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Here's one way to solve the problems with Hobby Lobby: All the health insurance companies in the country can agree that they won't sell any insurance policy that doesn't contain contraceptive coverage. That's sort of what happened in Annex Medical v. Burwell.

Annex is a small corporation with 16 full-time employees. Its controlling shareholder, Stuart Lind, has a religious objection to providing contraception to female employees as part of a health insurance plan. He was shocked -- shocked! -- to find out that the Blue Cross plan he selected for his employees contained contraceptive coverage. He called Blue Cross to see if they could exclude that coverage, but Blue Cross refused. In fact, no insurer Lind contacted would exclude contraceptive coverage.

My home state is burning and it is a disturbing sight to behold. Protestors, mad about the death of an unarmed teenager, are tearing down their own neighborhood. Police officers, defending one of their own, are hiding the officer's identify and responding in a militaristic fashion against unarmed citizens and reporters.

Let's be very clear here, we're not taking a side, but with so many videos and accounts of seemingly unconstitutional acts by local law enforcement, lawyers may be wondering along with us: how would one defend some of these violations?

Missouri doesn't use the two-drug protocol that left a man in Ohio gasping and convulsing during his execution, and stretched an Arizona man's execution to nearly two hours. And it doesn't use propofol, the drug that killed Michael Jackson, though it tried. (The drug manufacturer threatened to stop selling it stateside before Missouri backed down.)

Since October, the Show-Me State uses only one drug, pentobarbital, which it obtains from a compound pharmacy at $11,000 a hit. And so far, it works: seven executions this year so far, which according to Time, is a record-setting pace for the state.

Qualified immunity is the boon of government entities facing civil rights lawsuits under 42 USC 1983. The hallmark of qualified immunity is that it "provides ample protection to all but the plainly incompetent or those who knowingly violate the law." It's designed to shield the government -- which usually ends up meaning "police officers" -- when government agents make honest mistakes about unsettled legal issues.

Now you can add this to the canon of acceptable police practice: Dropping off a questionably drunk man in the middle of the night in freezing weather and hoping everything goes swell.

Spoiler alert: The man died of hypothermia.

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Politics. We can't seem to respect each other's differences when it comes to politics. Some of us are also having a hard time drawing a line between politics and religion. As these issues come up constantly in the news, two cases in the Eighth Circuit bring up these issues.

And in less divisive news, the Eighth Circuit recently upheld a trade dress verdict for Hallmark Cards. Should we send the company a congratulatory card?

The controversy stirred up by the botched execution of Clayton D. Lockett in Oklahoma has left states asking -- in my humble opinion -- the wrong question. Rather than reexamining the moral implications of a society that allows the death penalty to exist as a legal means of punishment, states are trying to figure out how to kill people.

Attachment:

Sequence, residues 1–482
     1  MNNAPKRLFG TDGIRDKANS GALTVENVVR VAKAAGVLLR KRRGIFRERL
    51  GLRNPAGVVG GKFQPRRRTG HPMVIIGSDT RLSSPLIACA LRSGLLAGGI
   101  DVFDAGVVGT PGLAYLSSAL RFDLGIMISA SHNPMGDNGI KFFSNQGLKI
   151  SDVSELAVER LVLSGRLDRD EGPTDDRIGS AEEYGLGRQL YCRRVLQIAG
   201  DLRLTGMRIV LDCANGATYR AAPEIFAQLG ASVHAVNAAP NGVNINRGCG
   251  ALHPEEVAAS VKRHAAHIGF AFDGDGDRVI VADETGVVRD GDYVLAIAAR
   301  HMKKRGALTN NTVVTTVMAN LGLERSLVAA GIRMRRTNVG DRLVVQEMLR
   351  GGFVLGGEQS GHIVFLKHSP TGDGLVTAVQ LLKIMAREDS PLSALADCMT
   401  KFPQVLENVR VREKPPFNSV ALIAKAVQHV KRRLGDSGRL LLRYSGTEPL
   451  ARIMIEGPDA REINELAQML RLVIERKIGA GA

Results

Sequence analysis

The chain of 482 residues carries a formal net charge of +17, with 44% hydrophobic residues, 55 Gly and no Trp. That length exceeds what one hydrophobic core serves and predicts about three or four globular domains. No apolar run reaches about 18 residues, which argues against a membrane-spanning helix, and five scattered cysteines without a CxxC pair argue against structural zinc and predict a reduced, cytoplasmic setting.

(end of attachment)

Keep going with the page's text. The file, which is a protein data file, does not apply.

Some states are going back to the electric chair, while others ponder the firing squad, reports The Associated Press. So Missouri Attorney General Chris Koster is proposing something new -- something akin to a very popular show on AMC about a chemistry teacher who becomes a drug dealer, which will remain nameless.

Russell Bucklew was on death row and his execution was scheduled for Wednesday, but because of last minute legal maneuvers, was put off.

After a stay was granted, lifted and put back into place, a full Supreme Court decided to grant a stay pending further appeals. Here's a detailed look at the situation.

One week ago, Arkansas became the 22nd state in the United States to give the green light to same sex marriage, says Bloomberg. On Monday, same sex couples waited in line outside county court houses to obtain marriage licenses. But, some counties didn't issue licenses citing confusion.

As parties on both sides of the issue scramble for clarity, one question now remains: will the court's decision be stayed?

Vouching for Your Clients -- A $900,000 Mistake

This month, in the case of Gilster v. Primebank, the Eighth Circuit upheld the long-standing rule that lawyers cannot vouch for their clients.

The Facts

This was a sexual harassment case. Plaintiff claimed that Joseph Strub, her supervisor at Primebank in Sioux City, Iowa, made comments about her legs, placed his arm on her shoulders, told her that they should hook up, pressed his pelvis against her backside, massaged her shoulders, and told her to bend over and show more bra to bring in more customers. Defense admitted that when the plaintiff inquired about a bonus in front of colleagues at a meeting, Strubs told her to take out her teeth (she wears dentures), come to his office and close the door.

Constitutional precedent is clear. The Roe v. Wade Court held that the Fourteenth Amendment's Due Process Clause provides a qualified right to women to terminate a pregnancy. In Planned Parenthood v. Casey, the Court reiterated that before viability (generally understood to be 24 weeks), a State's "interests are not strong enough to support an abortion prohibition or the imposition of substantial obstacles to the woman's effective right to elect the procedure."

Nonetheless, many states continue to pass legislation that appears to be facially unconstitutional. Arkansas is one of them.